Did a New and Better School Consolidation Process Just Start?


It appeared that way this past Monday night at the Artists’ Collective, where roughly 200 stakeholders gathered to learn about and discuss school quality and redesign, given Hartford’s declining enrollments and the statewide fiscal crises afoot.  The question of the night:  What makes a great school?


In pursuit of the answer, Superintendent Leslie Torres-Rodriguez led a discussion of the key characteristics of successful schools, which the attendees discussed at small tables (a sort of huge focus group on steroids!).


Attendees weighed 15 characteristics of strong schools and rated the District’s performance in implementing them.  They included these characteristics, as described:


Characteristic Descriptive Statement
1.       Coherence/Alignment Everyone understands and works toward the same priorities.
2.       Effective Leadership The principals and other school officials are effective.
3.       Standards-based Practices What is taught, how it is taught, and how learning is measured meet the standards set by the State.
4.       High Expectations Students are expected to do well in school and extra help is provided to help them succeed.
5.       Effective Teachers The teachers know their material and teach it well.
6.       Culturally-Responsive Teaching The school staff and teachers appreciate the many cultures in the school and teach in ways appropriate in our multi-cultural schools.
7.       Access to Technology Students have the opportunity to use technology in their learning.
8.       Student Engagement Students are actively involved in the learning and encouraged to participate.
9.       Teacher Collaboration Teachers work together and collaborate in planning and implementing learning activities.
10.    Caring Adult Students have personal relationships with caring adults who want to help them succeed.
11.    Family Engagement Parents and other family members are involved and help their children succeed.
12.    Data-informed Decisions Decisions about the school and the classroom are based on data and the facts.
13.    Welcoming Environment Students and their families feel safe and secure.
14.    Needs-based Resources Decisions about funding, staffing and support are based on where they are most needed.
15.    School Size The size of schools is designed so that resources can be distributed in ways that support effective learning.



Even though there was not enough time for discussion outside the scope of the structured “agree or disagree” conversation, the participants at each table did have a chance to each identify their top five characteristics for a strong school from the list.


For what seemed more like a data collection exercise than an in-depth discussion, it will be very interesting to see the ratings when compiled.  Overall, the exercise signified a healthy interest in feedback on the part of HPS.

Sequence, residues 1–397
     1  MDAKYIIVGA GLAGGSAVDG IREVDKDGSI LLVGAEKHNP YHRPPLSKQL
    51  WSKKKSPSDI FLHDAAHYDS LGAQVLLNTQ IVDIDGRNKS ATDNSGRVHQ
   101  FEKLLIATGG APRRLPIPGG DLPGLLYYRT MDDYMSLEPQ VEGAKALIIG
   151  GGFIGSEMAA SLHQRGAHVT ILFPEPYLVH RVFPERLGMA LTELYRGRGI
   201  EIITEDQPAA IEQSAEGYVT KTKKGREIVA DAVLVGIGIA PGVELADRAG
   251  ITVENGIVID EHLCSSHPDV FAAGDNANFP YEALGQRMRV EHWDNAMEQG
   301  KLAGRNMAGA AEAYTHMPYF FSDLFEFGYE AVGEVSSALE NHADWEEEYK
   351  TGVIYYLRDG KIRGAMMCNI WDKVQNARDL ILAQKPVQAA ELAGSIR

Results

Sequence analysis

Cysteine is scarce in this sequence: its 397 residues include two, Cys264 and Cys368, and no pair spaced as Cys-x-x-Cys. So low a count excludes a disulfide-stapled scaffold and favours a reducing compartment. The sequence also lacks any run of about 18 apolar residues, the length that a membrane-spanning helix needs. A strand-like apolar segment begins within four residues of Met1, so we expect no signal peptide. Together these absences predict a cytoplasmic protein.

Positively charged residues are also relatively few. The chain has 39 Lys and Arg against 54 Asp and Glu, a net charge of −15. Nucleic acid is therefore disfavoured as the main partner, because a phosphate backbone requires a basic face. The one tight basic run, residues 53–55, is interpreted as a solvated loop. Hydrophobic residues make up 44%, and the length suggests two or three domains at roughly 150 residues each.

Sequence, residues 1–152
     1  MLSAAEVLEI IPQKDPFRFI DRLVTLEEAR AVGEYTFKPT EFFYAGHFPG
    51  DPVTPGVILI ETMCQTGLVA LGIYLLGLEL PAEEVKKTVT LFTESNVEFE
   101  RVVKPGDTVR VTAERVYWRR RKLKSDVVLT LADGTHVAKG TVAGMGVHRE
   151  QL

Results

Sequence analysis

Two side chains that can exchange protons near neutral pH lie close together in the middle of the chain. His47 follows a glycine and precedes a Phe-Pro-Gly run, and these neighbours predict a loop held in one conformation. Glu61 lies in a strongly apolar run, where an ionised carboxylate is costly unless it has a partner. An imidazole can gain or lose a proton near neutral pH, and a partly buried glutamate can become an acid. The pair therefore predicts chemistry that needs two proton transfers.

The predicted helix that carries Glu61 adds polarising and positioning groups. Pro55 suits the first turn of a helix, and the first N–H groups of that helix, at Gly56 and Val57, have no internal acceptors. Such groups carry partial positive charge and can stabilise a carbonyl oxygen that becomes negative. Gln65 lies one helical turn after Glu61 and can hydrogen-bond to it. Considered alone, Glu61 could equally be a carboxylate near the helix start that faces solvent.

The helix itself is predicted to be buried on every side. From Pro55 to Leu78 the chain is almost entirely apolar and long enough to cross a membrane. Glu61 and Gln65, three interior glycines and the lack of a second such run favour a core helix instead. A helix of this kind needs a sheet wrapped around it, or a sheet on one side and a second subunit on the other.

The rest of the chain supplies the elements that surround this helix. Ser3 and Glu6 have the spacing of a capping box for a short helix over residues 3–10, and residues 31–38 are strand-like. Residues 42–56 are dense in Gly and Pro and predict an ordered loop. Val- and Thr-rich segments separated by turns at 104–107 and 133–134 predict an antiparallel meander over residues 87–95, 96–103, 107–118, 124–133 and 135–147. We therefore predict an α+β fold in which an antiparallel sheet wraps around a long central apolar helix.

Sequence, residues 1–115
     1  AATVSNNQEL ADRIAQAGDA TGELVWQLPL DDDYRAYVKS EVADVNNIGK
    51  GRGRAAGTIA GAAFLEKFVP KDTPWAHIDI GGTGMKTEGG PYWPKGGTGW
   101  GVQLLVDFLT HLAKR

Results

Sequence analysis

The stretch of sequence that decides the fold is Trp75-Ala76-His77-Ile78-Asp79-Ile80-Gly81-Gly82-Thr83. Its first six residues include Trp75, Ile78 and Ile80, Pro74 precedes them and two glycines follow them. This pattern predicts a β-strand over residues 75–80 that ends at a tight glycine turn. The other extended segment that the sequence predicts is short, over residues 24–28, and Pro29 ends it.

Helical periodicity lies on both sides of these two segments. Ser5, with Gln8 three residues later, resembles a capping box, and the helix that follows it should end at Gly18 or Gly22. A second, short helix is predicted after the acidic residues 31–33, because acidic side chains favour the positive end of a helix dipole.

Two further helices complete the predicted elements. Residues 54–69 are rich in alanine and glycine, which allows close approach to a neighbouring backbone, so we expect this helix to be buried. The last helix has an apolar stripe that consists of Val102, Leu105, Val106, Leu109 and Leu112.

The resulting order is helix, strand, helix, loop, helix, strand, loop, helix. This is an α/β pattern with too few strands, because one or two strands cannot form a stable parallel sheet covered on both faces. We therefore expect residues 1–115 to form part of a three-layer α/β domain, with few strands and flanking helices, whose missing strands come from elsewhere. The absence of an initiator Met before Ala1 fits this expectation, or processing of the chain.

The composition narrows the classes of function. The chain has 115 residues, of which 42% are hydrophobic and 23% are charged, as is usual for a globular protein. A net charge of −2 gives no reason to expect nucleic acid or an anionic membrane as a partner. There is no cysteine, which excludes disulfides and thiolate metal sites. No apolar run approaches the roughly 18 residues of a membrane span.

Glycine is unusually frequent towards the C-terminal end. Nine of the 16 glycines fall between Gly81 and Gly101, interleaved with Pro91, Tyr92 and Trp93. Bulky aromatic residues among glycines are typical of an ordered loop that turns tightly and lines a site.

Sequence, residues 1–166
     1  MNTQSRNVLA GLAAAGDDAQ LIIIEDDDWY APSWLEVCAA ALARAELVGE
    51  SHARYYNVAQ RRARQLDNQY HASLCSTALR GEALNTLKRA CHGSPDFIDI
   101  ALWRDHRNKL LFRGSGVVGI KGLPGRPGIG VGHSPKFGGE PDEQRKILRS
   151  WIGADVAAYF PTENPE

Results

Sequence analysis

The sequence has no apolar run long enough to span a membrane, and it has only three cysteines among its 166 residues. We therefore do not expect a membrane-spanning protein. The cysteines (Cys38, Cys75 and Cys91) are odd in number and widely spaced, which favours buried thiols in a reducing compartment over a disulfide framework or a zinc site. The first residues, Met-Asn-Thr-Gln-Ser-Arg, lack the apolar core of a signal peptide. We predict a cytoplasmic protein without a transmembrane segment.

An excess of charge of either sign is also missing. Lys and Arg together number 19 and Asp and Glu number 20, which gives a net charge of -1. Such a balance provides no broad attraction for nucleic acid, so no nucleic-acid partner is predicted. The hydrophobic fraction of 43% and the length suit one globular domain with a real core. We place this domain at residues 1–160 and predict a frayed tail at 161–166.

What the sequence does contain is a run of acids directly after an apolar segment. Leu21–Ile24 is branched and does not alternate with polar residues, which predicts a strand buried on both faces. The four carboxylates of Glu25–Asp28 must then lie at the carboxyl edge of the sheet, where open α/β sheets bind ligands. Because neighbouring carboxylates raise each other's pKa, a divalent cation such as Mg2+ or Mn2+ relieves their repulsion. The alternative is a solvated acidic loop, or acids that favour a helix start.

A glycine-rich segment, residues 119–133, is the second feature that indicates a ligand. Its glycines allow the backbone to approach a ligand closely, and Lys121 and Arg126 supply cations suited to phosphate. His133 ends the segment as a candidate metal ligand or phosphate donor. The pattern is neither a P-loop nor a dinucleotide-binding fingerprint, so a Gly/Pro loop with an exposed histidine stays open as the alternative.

One clear area of improvement will be to make sure that when residents are engaged in this type of discussion, the materials speak more directly to the urban education experience, as we heard the following four pieces of feedback:


  1. “Teachers know their material and teach it well” must include a reference to how well teachers understand social/emotional learning and how well teachers support students who bring the effects of trauma into the classroom;
  2. “Parents and other family members are involved” must examine how effectively teachers and staff engage families;
  3. “Students and their families feel safe and secure” must take into account whether the school culture and climate are positive (after all, a prison can feel very safe and secure but remain a place where a visiting family member is disrespected, according to a parent at our table); and
  4. Somewhere on the District’s list of characteristics that make a great school, a reference must be made regarding [and action taken to grow] the ability of the school to leverage community partners and resources.



The Bottom Line


Dr. Torres Monday appropriately emphasized that the District needs to do things differently.


Her leadership on display was marked by a deliberative tone and a transparent manner.  Being open to feedback (even when fraught with objections and frustrations) exemplifies strong leadership, from our point of view.


Plainly, trust in the District’s capability to lead varies greatly from school to school, neighborhood to neighborhood, zone to zone, magnet to non-magnet, and parent to parent.


Monday night made a good start toward restoring trust.  While the next steps are not precisely clear, sharing the data collected Monday evening seems like the first thing the District must do, along with holding another forum that engages even more parents from throughout the city.


As Dr. Torres put it, we must do things differently – and that starts with even more grassroots organizations joining the effort to engage even more parents.


Judging by the energy in the room on Albany Avenue Monday, this was a great start to a new process.